They are angry also, as I understand, with my mother, for returning his compliment. What an enemy is hatred, even to the common forms of civility! which, however, more distinguish the payer of a compliment, than the receiver. But they all see, they say, that there is but one way to put an end to his insults. So I shall suffer: And in what will the rash man have benefited himself, or mended his prospects?

I am extremely apprehensive that this worse than ghostlike appearance of his, bodes some still bolder step. If he come hither (and very desirous he is of my leave to come) I am afraid there will be murder. To avoid that, if there were no other way, I would most willingly be buried alive.

They are all in consultation⁠—upon my letters, I suppose⁠—so they were in the morning; which occasioned my uncles to be at our church. I will send you the copies of those letters, as I promised in my last, when I see whether I can give you their answers with them. This letter is all⁠—I cannot tell what⁠—the effect of apprehension and displeasure at the man who has occasioned my apprehensions. Six lines would have contained all that is in it to the purpose of my story.

Cl. H.

Letter 31

Mr. Lovelace, to John Belford, Esq.


In vain dost thou19 and thy compeers press me to go to town, while I am in such an uncertainty as I am in at present with this proud beauty. All the ground I have hitherto gained with her is entirely owing to her concern for the safety of people whom I have reason to hate.

Write then, thou biddest me, if I will not come. That, indeed, I can do; and as well without a subject, as with one. And what follows shall be a proof of it.

The lady’s malevolent brother has now, as I told thee at M. Hall, introduced another man; the most unpromising in his person and qualities, the most formidable in his offers, that has yet appeared.

This man has by his proposals captivated every soul of the Harlowes⁠—Soul! did I say⁠—There is not a soul among them but my charmer’s: and she, withstanding them all, is actually confined, and otherwise maltreated by a father the most gloomy and positive; at the instigation of a brother the most arrogant and selfish. But thou knowest their characters; and I will not therefore sully my paper with them.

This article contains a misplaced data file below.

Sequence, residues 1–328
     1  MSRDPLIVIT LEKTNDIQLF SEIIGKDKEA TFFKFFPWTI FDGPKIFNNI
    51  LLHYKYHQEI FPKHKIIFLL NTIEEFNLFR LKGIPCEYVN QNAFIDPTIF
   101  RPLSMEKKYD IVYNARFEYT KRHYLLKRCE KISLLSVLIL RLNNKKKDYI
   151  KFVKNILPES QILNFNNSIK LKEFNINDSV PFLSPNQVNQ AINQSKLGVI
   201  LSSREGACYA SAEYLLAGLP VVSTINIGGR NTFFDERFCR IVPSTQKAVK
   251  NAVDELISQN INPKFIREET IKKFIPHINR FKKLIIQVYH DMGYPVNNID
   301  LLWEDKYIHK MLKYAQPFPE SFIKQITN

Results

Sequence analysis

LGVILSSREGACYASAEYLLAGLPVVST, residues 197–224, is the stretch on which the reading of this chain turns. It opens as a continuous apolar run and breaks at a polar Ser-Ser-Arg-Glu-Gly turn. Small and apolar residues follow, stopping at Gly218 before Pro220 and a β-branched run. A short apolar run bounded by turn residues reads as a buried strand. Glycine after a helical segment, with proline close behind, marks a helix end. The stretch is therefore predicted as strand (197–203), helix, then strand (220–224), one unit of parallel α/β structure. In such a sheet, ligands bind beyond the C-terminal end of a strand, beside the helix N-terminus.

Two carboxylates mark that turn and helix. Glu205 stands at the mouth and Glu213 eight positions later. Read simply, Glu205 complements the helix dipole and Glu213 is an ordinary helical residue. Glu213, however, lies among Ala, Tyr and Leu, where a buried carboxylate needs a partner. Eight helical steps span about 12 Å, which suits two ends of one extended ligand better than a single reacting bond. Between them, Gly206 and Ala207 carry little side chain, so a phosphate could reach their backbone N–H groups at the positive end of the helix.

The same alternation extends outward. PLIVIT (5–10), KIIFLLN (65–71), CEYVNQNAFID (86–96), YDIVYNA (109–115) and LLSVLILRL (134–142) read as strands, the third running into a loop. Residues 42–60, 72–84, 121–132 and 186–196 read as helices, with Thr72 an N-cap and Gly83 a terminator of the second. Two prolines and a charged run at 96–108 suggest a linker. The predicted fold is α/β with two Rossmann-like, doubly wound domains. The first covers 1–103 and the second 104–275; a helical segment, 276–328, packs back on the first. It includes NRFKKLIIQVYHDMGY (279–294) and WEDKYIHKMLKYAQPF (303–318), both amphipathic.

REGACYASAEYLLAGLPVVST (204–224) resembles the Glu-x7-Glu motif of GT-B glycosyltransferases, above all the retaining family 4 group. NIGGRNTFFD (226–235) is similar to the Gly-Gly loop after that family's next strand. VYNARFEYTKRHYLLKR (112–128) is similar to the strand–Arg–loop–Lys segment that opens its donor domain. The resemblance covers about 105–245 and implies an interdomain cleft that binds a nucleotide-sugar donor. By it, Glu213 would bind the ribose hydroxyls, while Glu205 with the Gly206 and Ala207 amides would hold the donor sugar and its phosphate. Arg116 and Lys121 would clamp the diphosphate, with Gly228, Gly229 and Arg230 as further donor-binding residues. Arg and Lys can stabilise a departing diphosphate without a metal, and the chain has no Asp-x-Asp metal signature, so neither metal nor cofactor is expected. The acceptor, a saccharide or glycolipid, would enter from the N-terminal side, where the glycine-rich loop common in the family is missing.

But is it not a confounded thing to be in love with one, who is the daughter, the sister, the niece, of a family, I must eternally despise? And, the devil of it, that love increasing with her⁠—what shall I call it?⁠—’Tis not scorn:⁠—’Tis not pride:⁠—’Tis not the insolence of an adored beauty:⁠—But ’tis to virtue, it seems, that my difficulties are owing; and I pay for not being a sly sinner, an hypocrite; for being regardless of my reputation; for permitting slander to open its mouth against me. But is it necessary for such a one as I, who have been used to carry all before me, upon my own terms⁠—I, who never inspired a fear, that had not a discernibly-predominant mixture of love in it, to be a hypocrite?⁠—Well says the poet:

He who seems virtuous does but act a part;
And shows not his own nature, but his art.

Well, but it seems I must practise for this art, if it would succeed with this truly-admirable creature; but why practise for it?⁠—Cannot I indeed reform?⁠—I have but one vice;⁠—Have I, Jack?⁠—Thou knowest my heart, if any man living does. As far as I know it myself, thou knowest it. But ’tis a cursed deceiver; for it has many a time imposed upon its master⁠—Master, did I say? That I am not now; nor have I been from the moment I beheld this angel of a woman. Prepared indeed as I was by her character before I saw her: For what a mind must that be, which, though not virtuous itself, admires not virtue in another?⁠—My visit to Arabella, owing to a mistake of the sister, into which, as thou hast heard me say, I was led by the blundering uncle; who was to introduce me (but lately come from abroad) to the divinity, as I thought; but, instead of her, carried me to a mere mortal. And much difficulty had I, so fond and forward my lady! to get off without forfeiting all with a family I intended should give me a goddess.

I have boasted that I was once in love before:⁠—and indeed I thought I was. It was in my early manhood⁠—with that quality jilt, whose infidelity I have vowed to revenge upon as many of the sex as shall come into my power. I believe, in different climes, I have already sacrificed an hecatomb to my Nemesis, in pursuance of this vow. But upon recollecting what I was then, and comparing it with what I find myself now, I cannot say that I was ever in love before.